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NDP MP for St. John's South—Mount Pearl (Newfoundland & Labrador)
Won his last election, in 2011, with 47.90% of the vote.
Statements in the House
Ethics October 10th, 2014
Mr. Speaker, the Minister of Employment and Social Development is once again using his office for political party purposes. Just before the last election, the NDP obtained Conservative Party plans to campaign in “very ethnic” ridings, a partisan plan drawn up on ministerial letterhead.
Now, the minister is spending his days on Twitter, sending out crudely drawn attacks on opposition politicians. However, it is not the minister himself who is firing up Microsoft Paint to put block letters on opposition faces. No, it is his staff who are putting this together.
Even the Canadian Taxpayers Federation has had enough of his antics.
Who could forget this very same minister last year tweeting out how he thought it was a “good thing” that his staff were not unionized.
While the mess he has made of the temporary foreign worker program spirals out of control, the minister and his staff were devoted to the one thing they really know how to do well, which is coming up with Lolcats. Canadians deserve better.
Canada Post October 9th, 2014
Mr. Speaker, news broke today that Canada Post plans to discontinue door-to-door delivery to 29,000 homes in the St. John's South—Mount Pearl area next fall. Many of the people in those 29,000 homes are seniors. They are people with physical disabilities and mobility issues. They are Canadians who view home mail delivery as a treasured Canadian service.
What does the Conservative government have to say to the people of the St. John's South—Mount Pearl area who will be directly impacted by this massive cut in service?
Military Contribution Against ISIL October 7th, 2014
Mr. Speaker, I listened carefully to some of the minister's adjectives pertaining to ISIL: pure evil, human plague, maniacal barbarism.
I attended an awards banquet on Friday night in my riding, and I was approached by a young man whose name is Sean Vinnicombe. He is 15 years old and is a grade 11 student at Holy Heart of Mary High School in St. John's. I will pose the question he asked me: Why are we going to war in Iraq?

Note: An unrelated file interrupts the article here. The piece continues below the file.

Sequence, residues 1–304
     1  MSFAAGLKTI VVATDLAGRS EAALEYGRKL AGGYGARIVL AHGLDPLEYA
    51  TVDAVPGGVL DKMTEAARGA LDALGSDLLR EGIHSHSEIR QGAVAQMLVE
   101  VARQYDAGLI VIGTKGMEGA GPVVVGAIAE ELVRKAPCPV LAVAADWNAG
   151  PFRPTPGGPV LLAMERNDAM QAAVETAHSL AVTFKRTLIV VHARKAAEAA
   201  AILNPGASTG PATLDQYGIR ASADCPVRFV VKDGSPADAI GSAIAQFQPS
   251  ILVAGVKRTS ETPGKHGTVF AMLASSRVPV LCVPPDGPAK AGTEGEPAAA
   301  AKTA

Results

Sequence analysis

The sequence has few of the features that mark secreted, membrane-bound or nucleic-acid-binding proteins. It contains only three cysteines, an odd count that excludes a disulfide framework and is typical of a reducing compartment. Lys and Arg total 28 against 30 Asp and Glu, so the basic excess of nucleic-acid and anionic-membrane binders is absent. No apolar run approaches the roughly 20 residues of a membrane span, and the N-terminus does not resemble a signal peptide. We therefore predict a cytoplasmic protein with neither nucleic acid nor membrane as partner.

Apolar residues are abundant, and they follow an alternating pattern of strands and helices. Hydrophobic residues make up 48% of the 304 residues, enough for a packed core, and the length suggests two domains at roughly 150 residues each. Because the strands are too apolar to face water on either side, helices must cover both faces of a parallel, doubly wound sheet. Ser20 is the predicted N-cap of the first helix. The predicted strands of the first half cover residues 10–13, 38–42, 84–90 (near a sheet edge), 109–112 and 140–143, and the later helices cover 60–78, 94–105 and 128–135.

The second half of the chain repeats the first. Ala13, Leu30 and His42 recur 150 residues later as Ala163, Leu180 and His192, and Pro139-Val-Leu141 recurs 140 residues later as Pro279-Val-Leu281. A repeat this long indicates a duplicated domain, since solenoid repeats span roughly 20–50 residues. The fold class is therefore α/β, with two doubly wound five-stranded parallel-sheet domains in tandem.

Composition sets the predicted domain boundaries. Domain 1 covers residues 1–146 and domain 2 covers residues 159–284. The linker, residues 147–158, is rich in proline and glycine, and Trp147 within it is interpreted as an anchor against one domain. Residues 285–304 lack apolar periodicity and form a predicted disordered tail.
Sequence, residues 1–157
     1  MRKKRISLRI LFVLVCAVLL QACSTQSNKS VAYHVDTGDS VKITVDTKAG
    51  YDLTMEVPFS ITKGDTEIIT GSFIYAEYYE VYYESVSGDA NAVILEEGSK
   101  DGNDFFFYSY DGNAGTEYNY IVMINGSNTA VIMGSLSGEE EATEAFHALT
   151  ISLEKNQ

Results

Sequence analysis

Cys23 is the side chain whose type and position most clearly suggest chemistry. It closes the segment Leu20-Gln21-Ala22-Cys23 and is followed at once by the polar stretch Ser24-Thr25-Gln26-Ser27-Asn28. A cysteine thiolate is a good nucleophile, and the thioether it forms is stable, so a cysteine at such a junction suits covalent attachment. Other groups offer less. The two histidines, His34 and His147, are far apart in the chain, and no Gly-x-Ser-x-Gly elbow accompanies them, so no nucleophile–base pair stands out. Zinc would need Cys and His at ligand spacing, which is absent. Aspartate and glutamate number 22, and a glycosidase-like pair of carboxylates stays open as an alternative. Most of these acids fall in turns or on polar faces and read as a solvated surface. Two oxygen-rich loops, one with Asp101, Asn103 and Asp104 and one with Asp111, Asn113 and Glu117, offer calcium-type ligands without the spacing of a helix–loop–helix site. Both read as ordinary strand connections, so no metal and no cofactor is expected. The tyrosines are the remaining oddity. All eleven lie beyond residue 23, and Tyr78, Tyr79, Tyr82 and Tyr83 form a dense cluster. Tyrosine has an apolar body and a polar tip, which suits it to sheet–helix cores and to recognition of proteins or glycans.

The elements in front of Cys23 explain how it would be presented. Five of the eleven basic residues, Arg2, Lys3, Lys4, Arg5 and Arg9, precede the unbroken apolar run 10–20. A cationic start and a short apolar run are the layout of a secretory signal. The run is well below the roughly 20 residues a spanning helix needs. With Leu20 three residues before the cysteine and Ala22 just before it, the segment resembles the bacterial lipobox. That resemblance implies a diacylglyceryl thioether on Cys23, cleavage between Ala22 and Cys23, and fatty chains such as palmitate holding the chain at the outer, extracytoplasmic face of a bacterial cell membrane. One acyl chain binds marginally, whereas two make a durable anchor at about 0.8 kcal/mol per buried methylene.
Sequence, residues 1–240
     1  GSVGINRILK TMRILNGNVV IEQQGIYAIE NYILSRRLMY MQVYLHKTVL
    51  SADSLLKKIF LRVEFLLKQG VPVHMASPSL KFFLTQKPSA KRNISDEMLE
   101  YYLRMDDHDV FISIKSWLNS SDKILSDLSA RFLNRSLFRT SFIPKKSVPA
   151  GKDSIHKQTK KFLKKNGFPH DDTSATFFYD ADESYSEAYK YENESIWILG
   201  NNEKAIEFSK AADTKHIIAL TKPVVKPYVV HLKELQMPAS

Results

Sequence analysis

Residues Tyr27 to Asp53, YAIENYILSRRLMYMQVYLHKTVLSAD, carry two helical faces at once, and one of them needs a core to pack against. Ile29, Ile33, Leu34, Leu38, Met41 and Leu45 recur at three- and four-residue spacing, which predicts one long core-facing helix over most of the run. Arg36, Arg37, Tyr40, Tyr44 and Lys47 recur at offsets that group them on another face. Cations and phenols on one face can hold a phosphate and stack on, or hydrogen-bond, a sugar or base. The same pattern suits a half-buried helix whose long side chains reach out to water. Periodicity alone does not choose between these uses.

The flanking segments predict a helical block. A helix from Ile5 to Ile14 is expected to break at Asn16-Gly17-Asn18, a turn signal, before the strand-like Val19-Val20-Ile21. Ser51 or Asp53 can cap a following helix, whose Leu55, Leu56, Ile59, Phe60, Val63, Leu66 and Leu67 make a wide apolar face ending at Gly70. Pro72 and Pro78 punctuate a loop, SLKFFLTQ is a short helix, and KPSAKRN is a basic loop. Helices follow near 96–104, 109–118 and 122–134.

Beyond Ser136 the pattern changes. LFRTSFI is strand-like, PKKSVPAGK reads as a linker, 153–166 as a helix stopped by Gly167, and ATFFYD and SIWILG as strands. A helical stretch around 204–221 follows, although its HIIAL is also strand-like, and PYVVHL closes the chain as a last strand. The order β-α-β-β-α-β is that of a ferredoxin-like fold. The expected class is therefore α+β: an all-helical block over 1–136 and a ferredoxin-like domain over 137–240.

I have my own question that follows up on that. The United States was in Iraq for 10 years. The Americans fought there for 10 years and not much changed after those 10 years were up.
There are many hot spots around the world, including the Congo, where 5.4 million people have died since 1998. The Congo has asked three times since 2010 for Canada to support peacekeeping, but we said no. I have two questions. One, for the young man in my riding, is this: Why Iraq? The second is why Iraq and not the Congo--
Fisheries and Oceans October 1st, 2014
Mr. Speaker, a moratorium is looming on northern shrimp on the Grand Banks. The big worry is how the quota cuts will be handed down. If DFO follows its outdated last-in, first-out policy that favours big business offshore licence holders, many of which have foreign ownership, rural Newfoundland and Labrador, our plants, and our fishermen will be pounded again this year.
Will the minister agree to a fair process and stand by the principle of adjacency, whereby those closest to the resource benefit from the resource?
Business of Supply September 29th, 2014
Mr. Speaker, I did not do a whole lot of fishing actually. I dropped a line once or twice, but it was too windy. I had a great time on the water.
In terms of why it is important for an answer to be relevant, this past weekend my sons asked me about this. They heard about this in the news. They pay attention to the news. They know that I am a member of Parliament so they pay attention to the debate that is going on in the House. They said, “Dad, how come when you ask the Prime Minister or his secretary a question, he can't be forced to answer? How come they can't be made to answer a direct question?” I said to them that they should have to answer. It should be that way.
I tell my sons to tell the truth, be honest, be forthright. If that is how I want my children to be raised, those principles, which are pretty simple and straightforward, should be upheld in this House as well.
Business of Supply September 29th, 2014